Along with each photo, Yesiltas writes a bittersweet message “wishing” how things might have gone differently … as if nothing happened.
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All images provided by Adewole Adamson

It begins with more inclusive conversations at a patient level

True

Adewole Adamson, MD, of the University of Texas, Austin, aims to create more equity in health care by gathering data from more diverse populations by using artificial intelligence (AI), a type of machine learning. Dr. Adamson’s work is funded by the American Cancer Society (ACS), an organization committed to advancing health equity through research priorities, programs and services for groups who have been marginalized.

Melanoma became a particular focus for Dr. Adamson after meeting Avery Smith, who lost his wife—a Black woman—to the deadly disease.

melanoma,  melanoma for dark skin Avery Smith (left) and Adamson (sidenote)

This personal encounter, coupled with multiple conversations with Black dermatology patients, drove Dr. Adamson to a concerning discovery: as advanced as AI is at detecting possible skin cancers, it is heavily biased.

To understand this bias, it helps to first know how AI works in the early detection of skin cancer, which Dr. Adamson explains in his paper for the New England Journal of Medicine (paywall). The process uses computers that rely on sets of accumulated data to learn what healthy or unhealthy skin looks like and then create an algorithm to predict diagnoses based on those data sets.

This process, known as supervised learning, could lead to huge benefits in preventive care.

After all, early detection is key to better outcomes. The problem is that the data sets don’t include enough information about darker skin tones. As Adamson put it, “everything is viewed through a ‘white lens.’”

“If you don’t teach the algorithm with a diverse set of images, then that algorithm won’t work out in the public that is diverse,” writes Adamson in a study he co-wrote with Smith (according to a story in The Atlantic). “So there’s risk, then, for people with skin of color to fall through the cracks.”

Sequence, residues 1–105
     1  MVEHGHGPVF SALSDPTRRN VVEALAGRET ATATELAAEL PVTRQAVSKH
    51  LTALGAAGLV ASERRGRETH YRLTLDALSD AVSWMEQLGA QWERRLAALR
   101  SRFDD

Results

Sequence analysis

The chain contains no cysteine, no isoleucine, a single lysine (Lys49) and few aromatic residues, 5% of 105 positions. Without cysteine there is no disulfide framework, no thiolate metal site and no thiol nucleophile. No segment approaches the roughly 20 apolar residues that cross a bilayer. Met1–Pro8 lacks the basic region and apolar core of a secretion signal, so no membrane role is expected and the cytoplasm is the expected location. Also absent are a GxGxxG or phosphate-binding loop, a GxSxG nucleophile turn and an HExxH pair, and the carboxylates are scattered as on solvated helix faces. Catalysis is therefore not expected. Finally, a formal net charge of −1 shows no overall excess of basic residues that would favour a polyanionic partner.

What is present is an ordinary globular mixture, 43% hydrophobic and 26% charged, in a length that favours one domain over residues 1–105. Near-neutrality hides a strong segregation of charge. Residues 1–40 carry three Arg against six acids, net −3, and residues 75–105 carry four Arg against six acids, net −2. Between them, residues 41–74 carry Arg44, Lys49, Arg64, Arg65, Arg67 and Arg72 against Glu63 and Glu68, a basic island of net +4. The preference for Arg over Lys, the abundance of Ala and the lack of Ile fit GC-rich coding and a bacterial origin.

Tragically, Smith’s wife was diagnosed with melanoma too late and paid the ultimate price for it. And she was not an anomaly—though the disease is more common for White patients, Black cancer patients are far more likely to be diagnosed at later stages, causing a notable disparity in survival rates between non-Hispanics whites (90%) and non-Hispanic blacks (66%).

As a computer scientist, Smith suspected this racial bias and reached out to Adamson, hoping a Black dermatologist would have more diverse data sets. Though Adamson didn’t have what Smith was initially looking for, this realization ignited a personal mission to investigate and reduce disparities.

Now, Adamson uses the knowledge gained through his years of research to help advance the fight for health equity. To him, that means not only gaining a wider array of data sets, but also having more conversations with patients to understand how socioeconomic status impacts the level and efficiency of care.

“At the end of the day, what matters most is how we help patients at the patient level,” Adamson told Upworthy. “And how can you do that without knowing exactly what barriers they face?”

american cancer society, skin cacner treatment"What matters most is how we help patients at the patient level."https://www.kellydavidsonstudio.com/

The American Cancer Society believes everyone deserves a fair and just opportunity to prevent, find, treat, and survive cancer—regardless of how much money they make, the color of their skin, their sexual orientation, gender identity, their disability status, or where they live. Inclusive tools and resources on the Health Equity section of their website can be found here. For more information about skin cancer, visit cancer.org/skincancer.

The mesmerizing lost art of darning knit fabric.

For most of human history, people had to make their own clothing by hand, and sewing skills were subsequently passed down from generation to generation. Because clothing was so time-consuming and labor-intensive to make, people also had to know how to repair clothing items that got torn or damaged in some way.

The invention of sewing and knitting machines changed the way we acquire clothing, and the skills people used to possess have largely gone by the wayside. If we get a hole in a sock nowadays, we toss it and replace it. Most of us have no idea how to darn a sock or fix a hole in any knit fabric. It's far easier for us to replace than to repair.

But there are still some among us who do have the skills to repair clothing in a way that makes it look like the rip, tear or hole never happened, and to watch them do it is mesmerizing.

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Joy

Nurse turns inappropriate things men say in the delivery room into ‘inspirational’ art

"Can you move to the birthing ball so I can sleep in the bed?"

Holly the delivery nurse.

After working six years as a labor and delivery nurse Holly, 30, has heard a lot of inappropriate remarks made by men while their partners are in labor. “Sometimes the moms think it’s funny—and if they think it’s funny, then I’ll laugh with them,” Holly told TODAY Parents. “But if they get upset, I’ll try to be the buffer. I’ll change the subject.”

Some of the comments are so wrong that she did something creative with them by turning them into “inspirational” quotes and setting them to “A Thousand Miles” by Vanessa Carlton on TikTok.

“Some partners are hard to live up to!” she jokingly captioned the video.